76. Lisbon really is a blank cheque in more ways than one – one provision allows the Union to create its own powers (beyond the Treaties) in order to pursue Union objectives, under Article 308, so that if the Treaties have not provided the necessary powers for a certain action, the Council, acting on a proposal from the Commission can adopt any appropriate measures it feels necessary. Quiet often, they will not be in Ireland ’s interest. Lisbon states that the Commission only has “to draw national Parliaments’ attention to proposals based on this Article”, rather than requiring any form of proper national agreement or consent. Ireland will be writing a blank cheque on policies, it can ill afford to sign up to.

77. How can Taoiseach Bertie Ahern and Foreign Minister Brian Cowen have agreed to such a bad deal when they signed up to the EU Constitution in 2004, now repackaged as the Lisbon treaty?

78. Instead of the Irish Government deciding who Ireland ’s Commissioner is, under Lisbon , it will be Germany , France and the United Kingdom deciding. Lisbon results in a shift from a bottom-up process for appointing EU Commissioners to a top-down one that benefits other and larger EU states. The Irish Government’s White Paper ignored that fact. The promise of EU Prime Minister’s or Presidents that every member state will continue to have its own national Commissioner after Lisbon is false.

79. Lisbon , by law, would give the European Union a Constitution in the order of a supranational European federal state. It would be superior to the Irish Constitution and laws in all the areas covered by the Treaties.

80. Lisbon puts the competition rules of the EU market above the right of Irish trade unions to enforce pay standards higher than the minimum for migrant workers – so whilst it reduces the power of Irish labour, it reinforces the power of migrant workers.

81. Those who vote Yes for Lisbon often warn of Ireland ’s isolation in Europe . This is false on every count. The political reality is that if Ireland votes No, the Czech Republic and Poland will, in turn, halt ratification of the treaty, since they are waiting to see what Ireland does. Given the status of legal challenges, Germany may not have ratified the treaty either. The next UK Government, which must be elected by next May, will also introduce a Bill on its first day in office to hold a referendum on Lisbon in the UK and recommend a No vote to it. That will give Ireland ’s fellow neighbours in Northern Ireland the chance to vote on Lisbon too.

82. A No vote on Lisbon would open to a new and genuinely more democratic EU, to be embodied in a new set of arrangements which would repatriate powers back to the member states, as Europe ’s original 2003 Laeken Declaration envisaged, along democratic lines.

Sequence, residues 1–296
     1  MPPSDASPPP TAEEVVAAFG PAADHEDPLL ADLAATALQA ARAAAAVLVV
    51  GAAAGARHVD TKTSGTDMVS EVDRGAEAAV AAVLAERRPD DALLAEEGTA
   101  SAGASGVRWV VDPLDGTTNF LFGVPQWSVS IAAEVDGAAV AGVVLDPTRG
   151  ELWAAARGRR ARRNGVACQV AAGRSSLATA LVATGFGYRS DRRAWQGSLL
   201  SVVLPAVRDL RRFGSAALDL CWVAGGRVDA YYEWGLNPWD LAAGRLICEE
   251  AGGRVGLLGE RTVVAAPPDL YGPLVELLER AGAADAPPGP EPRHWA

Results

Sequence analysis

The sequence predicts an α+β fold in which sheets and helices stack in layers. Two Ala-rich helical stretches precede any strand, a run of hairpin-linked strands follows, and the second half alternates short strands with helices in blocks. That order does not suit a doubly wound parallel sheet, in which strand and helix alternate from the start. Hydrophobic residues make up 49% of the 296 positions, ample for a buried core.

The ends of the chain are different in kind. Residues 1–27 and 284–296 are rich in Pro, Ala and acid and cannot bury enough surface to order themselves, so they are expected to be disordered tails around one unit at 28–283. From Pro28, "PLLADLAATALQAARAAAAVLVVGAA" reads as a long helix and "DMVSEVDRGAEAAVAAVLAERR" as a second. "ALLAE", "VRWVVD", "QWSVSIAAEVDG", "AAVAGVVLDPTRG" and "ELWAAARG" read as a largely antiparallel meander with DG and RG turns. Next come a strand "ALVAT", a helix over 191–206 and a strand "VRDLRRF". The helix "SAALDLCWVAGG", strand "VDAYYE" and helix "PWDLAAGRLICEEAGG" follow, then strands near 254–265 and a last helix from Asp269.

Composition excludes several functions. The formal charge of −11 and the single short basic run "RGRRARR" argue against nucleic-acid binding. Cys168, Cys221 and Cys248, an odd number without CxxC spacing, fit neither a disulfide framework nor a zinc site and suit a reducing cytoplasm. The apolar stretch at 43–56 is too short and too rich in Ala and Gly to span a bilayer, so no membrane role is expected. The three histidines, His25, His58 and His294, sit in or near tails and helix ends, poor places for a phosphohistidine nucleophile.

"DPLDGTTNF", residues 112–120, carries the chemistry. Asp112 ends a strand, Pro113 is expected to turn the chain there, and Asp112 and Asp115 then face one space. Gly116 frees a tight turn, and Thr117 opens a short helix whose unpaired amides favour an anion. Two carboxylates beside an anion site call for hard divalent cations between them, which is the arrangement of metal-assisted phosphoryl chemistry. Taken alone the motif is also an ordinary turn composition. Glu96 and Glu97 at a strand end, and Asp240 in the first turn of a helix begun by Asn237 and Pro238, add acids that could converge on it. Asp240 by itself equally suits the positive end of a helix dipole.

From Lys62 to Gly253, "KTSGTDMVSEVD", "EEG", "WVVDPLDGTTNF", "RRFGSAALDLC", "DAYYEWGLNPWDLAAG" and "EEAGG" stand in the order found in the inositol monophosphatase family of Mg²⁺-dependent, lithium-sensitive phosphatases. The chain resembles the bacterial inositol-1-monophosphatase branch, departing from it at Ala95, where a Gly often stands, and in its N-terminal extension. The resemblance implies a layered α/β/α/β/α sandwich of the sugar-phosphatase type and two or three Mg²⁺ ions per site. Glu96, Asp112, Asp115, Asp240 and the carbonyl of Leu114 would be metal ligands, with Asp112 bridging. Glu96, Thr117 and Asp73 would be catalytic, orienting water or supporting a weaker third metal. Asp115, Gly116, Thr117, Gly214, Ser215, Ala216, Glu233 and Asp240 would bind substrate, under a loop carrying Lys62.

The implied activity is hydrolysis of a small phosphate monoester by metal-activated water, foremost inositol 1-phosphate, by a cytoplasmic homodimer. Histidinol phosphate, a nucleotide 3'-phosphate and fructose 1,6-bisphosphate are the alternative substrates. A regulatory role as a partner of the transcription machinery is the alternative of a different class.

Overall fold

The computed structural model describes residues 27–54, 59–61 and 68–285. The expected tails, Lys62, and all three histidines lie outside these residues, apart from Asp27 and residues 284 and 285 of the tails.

83. A No vote would stop the march towards an EU federal superstate that would be run on most undemocratic lines, under the total dominance of the elites of the larger EU states, namely Germany , in tandem with their officials in the Brussels Commission.

84. The European Commission is spending some 1.5 million euros on a spurious information campaign in Ireland , supposedly aimed at giving Irish people more information on the EU, but in fact swaying their votes in the Lisbon referendum re-run on Friday 2 October toward a Yes vote.

85. The European Commission has created a massive bill-board advertising campaign across Ireland, cinema advertising that is directed especially at Irish women and young voters, the holding of meetings and seminars and the use of web-sites. Does Ireland , a free county, support the indoctrination of its youth with political messages?

86. The European Commission’s supposed “information campaign” is programmed to go on into 2010, as if it were an everyday exercise, but its l au nch in Ireland recently was set up to taint and influence the outcome of the Lisbon referendum in Ireland .

87. Those involved in the Yes campaign, such as the Commission itself and Irish Foreign Minister Michael Martin writing in the Irish Independent, seem to have given advice under the mistaken impression that a “double majority” of number of member states plus a qualified majority of votes does not exist already for making EC/EU laws, when it actually does. Their statements have thereby concealed the reduction of Ireland ’s voting weight.

88. The European Commission, in supporting the Yes campaign in Ireland, has been wrong to suggest that human rights matters such as inheritance rights for Irish farmers would or could not be affected in a European Union, after it signed up to Lisbon. Farmers’ inheritance rights would be affected.

89. On human rights in general, the Irish people will have their rights set out in the EU Charter of Fundamental Rights, which along with the treaty, will be made legally binding for EU citizens. This means that all human rights issues would in principle fall within the remit of the European Court of Justice in the immediate future.

90. Ireland ’s ratification of the Lisbon treaty would give the 27 judges of the EU Court of Justice the power to decide sensitive matters over human rights, property rights and inheritance rights for the first time, as a consequence of new EU citizenship, entailing EU citizens’ rights and duties within the new European Union after Lisbon .

91. Czech President Vaclav Kl au s has stated that the treaty would undermine Czech sovereignty, and so refuses to sign it. The same is true of Irish sovereignty. Kl au s later said, in respect of the Irish people, “… the Lisbon treaty is dead, bec au se it was rejected in a referendum in one of the member states.” Irish democracy and sovereignty are paramount. Are the Irish people prepared to give it away?

92. Ireland would have great support if it does say No. For example, Poland ’s President Lech Kaczynski says he will not sign the treaty until it is passed in Ireland .